The Three Treasures of Musical Learning

Pathways for Teaching

We all have a “teaching philosophy”, whether we realise it or not. Mine strongly advocates holistic, personalised, life-centred education, and my model of The Three Treasures of Musical Learning is a key component which complements these values.

In this article I will explain what the Three Treasures are, and offer some tips on how reflecting on them can help us develop as effective teachers.

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Piano Junior 4 – The Series Finale

Sheet Music Review

When I reviewed Hans-Günter Heumann’s Piano Junior series on the launch of the first two levels in January 2017, I was full of praise, concluding:

“My own view is that Piano Junior has in many respects raised the bar, in some ways perhaps even setting a new standard by which piano courses for children will be judged.”

With the launch of the Level 3 books later that year, I wrote in my October 2017 review:

“… all I can hope for now is that the Level 4 publications, due next year, will provide the icing on an already tasty cake!”

Well, Piano Junior 4 is now with us! And so, with interest suitably piqued, let’s have a taste and see whether it is as sweet as hoped …

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Multi-Sensory Music Teaching

Guest post by Karen Marshall

Multi-sensory music teaching is just what it sounds like: using all the senses to teach and learn music. The main senses employed are visual (seeing), auditory (hearing) and kinesthetic (doing).

I would also add in reading and writing (text) as the literate nature of our world shows that many people find this useful, even those with dyslexia.

Multi-sensory music teaching can be seen in some of the most respected approaches to such work throughout the world including those of Dalcroze, Kodály, Suzuki and Orff. It can benefit all learners, including those with specific learning difficulties like dyslexia. In her key book Instrumental Music for Dyslexics: A Teaching Handbook (Whurr, 2002), Sheila Oglethorpe emphasizes this, encouraging people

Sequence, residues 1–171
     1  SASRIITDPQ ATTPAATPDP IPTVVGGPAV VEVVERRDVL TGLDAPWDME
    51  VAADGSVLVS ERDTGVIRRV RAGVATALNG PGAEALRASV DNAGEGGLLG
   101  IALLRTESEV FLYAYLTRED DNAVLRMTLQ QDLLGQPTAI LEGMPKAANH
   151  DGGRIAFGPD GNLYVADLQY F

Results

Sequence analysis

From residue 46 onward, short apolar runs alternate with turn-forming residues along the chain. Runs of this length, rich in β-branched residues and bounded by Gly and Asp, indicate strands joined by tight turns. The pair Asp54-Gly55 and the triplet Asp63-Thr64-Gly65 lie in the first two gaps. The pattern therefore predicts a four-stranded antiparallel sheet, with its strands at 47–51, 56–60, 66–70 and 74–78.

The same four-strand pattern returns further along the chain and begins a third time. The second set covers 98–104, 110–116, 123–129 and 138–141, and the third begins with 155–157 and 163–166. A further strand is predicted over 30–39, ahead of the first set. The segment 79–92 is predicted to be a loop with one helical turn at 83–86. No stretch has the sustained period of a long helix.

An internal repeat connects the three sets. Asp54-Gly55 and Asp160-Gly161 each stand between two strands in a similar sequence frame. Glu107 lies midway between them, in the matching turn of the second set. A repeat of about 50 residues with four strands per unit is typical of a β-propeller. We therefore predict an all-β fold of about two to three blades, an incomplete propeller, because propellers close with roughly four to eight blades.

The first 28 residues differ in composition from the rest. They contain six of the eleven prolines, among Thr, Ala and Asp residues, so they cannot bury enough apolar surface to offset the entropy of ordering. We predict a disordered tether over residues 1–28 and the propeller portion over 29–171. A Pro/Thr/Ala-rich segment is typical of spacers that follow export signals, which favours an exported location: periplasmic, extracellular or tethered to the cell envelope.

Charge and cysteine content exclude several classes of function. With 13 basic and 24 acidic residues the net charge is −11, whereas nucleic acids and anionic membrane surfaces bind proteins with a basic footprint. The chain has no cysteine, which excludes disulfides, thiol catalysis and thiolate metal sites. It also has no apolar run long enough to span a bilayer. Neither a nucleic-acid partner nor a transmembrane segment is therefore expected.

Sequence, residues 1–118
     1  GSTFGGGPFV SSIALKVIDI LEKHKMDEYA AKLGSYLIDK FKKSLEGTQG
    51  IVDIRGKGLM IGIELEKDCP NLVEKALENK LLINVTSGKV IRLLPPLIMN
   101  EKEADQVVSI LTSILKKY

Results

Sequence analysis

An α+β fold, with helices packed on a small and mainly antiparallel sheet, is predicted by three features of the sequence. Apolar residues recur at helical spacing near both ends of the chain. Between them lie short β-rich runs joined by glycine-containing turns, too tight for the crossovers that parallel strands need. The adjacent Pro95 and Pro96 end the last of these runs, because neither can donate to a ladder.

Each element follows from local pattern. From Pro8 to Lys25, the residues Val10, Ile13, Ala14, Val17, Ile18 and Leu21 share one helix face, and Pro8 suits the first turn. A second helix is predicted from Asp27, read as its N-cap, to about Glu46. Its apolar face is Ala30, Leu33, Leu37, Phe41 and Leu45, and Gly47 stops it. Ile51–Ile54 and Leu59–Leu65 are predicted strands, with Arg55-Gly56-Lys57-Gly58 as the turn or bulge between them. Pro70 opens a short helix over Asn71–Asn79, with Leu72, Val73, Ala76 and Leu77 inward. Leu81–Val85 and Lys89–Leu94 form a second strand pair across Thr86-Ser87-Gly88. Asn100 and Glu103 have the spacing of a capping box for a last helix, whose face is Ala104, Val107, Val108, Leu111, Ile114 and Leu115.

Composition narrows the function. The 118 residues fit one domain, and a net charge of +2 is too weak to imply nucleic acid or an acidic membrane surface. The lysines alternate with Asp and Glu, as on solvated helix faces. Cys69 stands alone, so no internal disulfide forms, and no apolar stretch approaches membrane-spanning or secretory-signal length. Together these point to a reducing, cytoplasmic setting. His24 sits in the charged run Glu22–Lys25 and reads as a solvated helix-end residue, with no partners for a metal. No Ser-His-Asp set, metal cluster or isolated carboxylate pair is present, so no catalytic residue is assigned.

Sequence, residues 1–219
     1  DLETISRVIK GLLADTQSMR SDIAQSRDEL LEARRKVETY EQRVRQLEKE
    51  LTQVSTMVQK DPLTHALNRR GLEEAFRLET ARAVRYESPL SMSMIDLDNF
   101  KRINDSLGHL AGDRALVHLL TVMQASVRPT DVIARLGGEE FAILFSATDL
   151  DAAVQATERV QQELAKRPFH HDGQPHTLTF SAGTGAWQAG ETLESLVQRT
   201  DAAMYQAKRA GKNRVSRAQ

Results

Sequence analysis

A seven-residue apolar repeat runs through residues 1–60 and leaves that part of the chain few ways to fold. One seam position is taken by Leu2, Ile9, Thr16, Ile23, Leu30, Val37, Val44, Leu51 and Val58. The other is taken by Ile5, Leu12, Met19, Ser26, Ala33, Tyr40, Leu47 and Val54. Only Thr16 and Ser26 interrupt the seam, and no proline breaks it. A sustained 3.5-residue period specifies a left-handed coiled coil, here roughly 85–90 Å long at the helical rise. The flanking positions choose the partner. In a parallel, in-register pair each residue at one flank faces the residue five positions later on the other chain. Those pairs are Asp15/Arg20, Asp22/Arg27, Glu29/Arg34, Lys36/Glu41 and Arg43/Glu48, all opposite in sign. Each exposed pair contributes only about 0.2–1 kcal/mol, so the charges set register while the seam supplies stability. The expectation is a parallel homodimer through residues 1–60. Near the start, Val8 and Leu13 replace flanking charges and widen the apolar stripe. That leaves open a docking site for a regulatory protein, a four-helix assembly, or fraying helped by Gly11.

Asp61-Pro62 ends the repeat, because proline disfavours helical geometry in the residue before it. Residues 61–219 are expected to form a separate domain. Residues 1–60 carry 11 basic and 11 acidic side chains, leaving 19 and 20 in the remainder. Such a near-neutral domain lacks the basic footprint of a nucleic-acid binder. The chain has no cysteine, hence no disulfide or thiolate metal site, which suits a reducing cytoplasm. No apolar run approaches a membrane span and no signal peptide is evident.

“to employ as many of the child’s senses as possible in the hope that the stronger senses will compensate for the weaker ones”.

However, multi-sensory teaching shouldn’t be seen as a method to just use with students who have special needs – it has huge benefits for all…

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Your Story: Swan Kiezebrink

Swan Kiezebrink is a Suzuki and traditional piano, voice and theory teacher in BC, Canada. Here she shares her piano story …

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Bartók: For Children

Sheet Music Review

Bartók’s seminal collection For Children is, in my view, one of the few absolute essential classics of the piano pedagogy repertoire – a work which has in equal measure both charmed and challenged generations of young pianists, and seems as popular with my students today as ever.

Two new versions of this milestone have appeared in recent months: a single-volume complete edition from Boosey & Hawkes, and a brand new urtext edition from Henle Verlag in partnership with Editio Musica Budapest.

In this review I’m going to present each, with some concluding thoughts on their relative merits, and recommendations of which edition will suit whom.

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